Kerstin Lindblad-Toh new member of National Academy of Sciences

28 April 2020

Kerstin Lindblad-Toh, Professor of Comparative Genomics

Kerstin Lindblad-Toh, Professor of Comparative Genomics

Kerstin Lindblad-Toh, Professor of Comparative Genomics at Uppsala University, has been elected as one of 146 new members of the National Academy of Sciences, founded by Abraham Lincoln in 1863.

The National Academy of Sciences has announced the new members of 2020. Among the internationally leading researchers is Kerstin Lindblad-Toh, Professor of Comparative Genomics at Uppsala University as well as Scientific Director of Vertebrate Genomics at the Broad Institute. Kerstin Lindblad-Toh leads the 200 Mammals Project, in which the genetic mass of 240 selected mammals have been mapped. For many years she also conducted studies on the genetics of dogs, which is expected to contribute to the development of better drugs for both animals and humans.

– For me as a researcher, being elected by the National Academy of Sciences is an extremely great honour, for which I am very grateful. I see it as confirmation that my scientific results are important, and above all, it is a message that really spurs me on for the future. At the same time, I would like to thank the many lab members and collaboration partners who helped with these studies, says Kerstin Lindblad-Toh.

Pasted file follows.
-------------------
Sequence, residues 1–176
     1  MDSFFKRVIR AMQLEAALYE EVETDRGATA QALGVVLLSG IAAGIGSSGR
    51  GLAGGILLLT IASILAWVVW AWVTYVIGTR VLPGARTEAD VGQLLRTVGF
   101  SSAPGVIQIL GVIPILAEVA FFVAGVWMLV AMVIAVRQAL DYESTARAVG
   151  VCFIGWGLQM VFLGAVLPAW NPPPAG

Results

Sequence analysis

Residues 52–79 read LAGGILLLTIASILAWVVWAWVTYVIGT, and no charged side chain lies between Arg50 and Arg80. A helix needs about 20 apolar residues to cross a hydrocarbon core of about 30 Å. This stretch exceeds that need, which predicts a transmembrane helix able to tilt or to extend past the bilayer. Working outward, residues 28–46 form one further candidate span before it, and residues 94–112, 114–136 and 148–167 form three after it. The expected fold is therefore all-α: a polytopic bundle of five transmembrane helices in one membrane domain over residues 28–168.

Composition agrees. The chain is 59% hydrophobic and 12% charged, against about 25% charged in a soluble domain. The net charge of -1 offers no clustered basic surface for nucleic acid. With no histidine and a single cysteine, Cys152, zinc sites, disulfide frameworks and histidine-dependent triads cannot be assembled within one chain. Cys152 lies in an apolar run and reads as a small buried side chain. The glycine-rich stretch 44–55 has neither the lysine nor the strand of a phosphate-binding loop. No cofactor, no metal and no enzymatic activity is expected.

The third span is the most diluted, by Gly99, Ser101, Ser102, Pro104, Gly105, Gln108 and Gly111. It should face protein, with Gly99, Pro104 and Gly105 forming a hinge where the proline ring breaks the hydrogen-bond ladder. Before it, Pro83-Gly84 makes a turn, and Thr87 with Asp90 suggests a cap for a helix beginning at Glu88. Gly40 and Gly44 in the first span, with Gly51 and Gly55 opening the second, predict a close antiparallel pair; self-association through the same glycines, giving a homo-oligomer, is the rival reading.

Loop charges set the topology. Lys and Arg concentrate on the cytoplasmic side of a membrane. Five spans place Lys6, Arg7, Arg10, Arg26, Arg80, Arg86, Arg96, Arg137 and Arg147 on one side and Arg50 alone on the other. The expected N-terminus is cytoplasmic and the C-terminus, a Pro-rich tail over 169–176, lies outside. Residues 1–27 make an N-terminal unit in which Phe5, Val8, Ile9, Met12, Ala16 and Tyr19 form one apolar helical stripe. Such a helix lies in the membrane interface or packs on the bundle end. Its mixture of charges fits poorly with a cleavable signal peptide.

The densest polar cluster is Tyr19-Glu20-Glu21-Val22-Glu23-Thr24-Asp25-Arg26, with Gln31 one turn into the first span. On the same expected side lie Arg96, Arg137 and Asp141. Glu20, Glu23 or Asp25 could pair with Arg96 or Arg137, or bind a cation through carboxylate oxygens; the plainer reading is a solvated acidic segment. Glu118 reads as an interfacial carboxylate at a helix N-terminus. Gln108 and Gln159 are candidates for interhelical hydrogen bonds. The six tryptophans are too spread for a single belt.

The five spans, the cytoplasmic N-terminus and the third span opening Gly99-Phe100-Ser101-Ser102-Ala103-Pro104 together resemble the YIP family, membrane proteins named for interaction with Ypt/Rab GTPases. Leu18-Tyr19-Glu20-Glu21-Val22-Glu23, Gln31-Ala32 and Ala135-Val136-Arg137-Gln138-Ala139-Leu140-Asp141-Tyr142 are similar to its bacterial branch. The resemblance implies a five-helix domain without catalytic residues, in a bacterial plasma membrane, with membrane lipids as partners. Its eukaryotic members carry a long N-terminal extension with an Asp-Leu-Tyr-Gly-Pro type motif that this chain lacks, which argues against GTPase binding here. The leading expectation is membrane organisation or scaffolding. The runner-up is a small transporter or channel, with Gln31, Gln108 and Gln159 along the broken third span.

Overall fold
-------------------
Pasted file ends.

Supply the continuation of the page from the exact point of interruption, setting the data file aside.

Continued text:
Kerstin Lindblad-Toh takes her place in a very exclusive scientific society. Since Abraham Lincoln founded the Academy in 1863, no less than 200 Nobel Laureates have participated in the work, among them Albert Einstein and Frances Arnold. Over the years, only a few Swedes have been elected – exceptions include Leif Andersson, Professor of Functional Genomics at Uppsala University, who became a member in 2012.

– It is fantastic news and something that the entire Uppsala University has every reason to be proud of. I would like to congratulate Kerstin Lindblad-Toh, who in her research continues to play a crucial role for several key achievements in comparative genomics, says Eva Åkesson, Vice-Chancellor of Uppsala University.

The National Academy of Sciences, with its headquarters in Washington D.C., gathers 2,403 active members who, in accordance with the Academy’s original task, “investigate, examine, experiment, and report upon any subject of science or art”.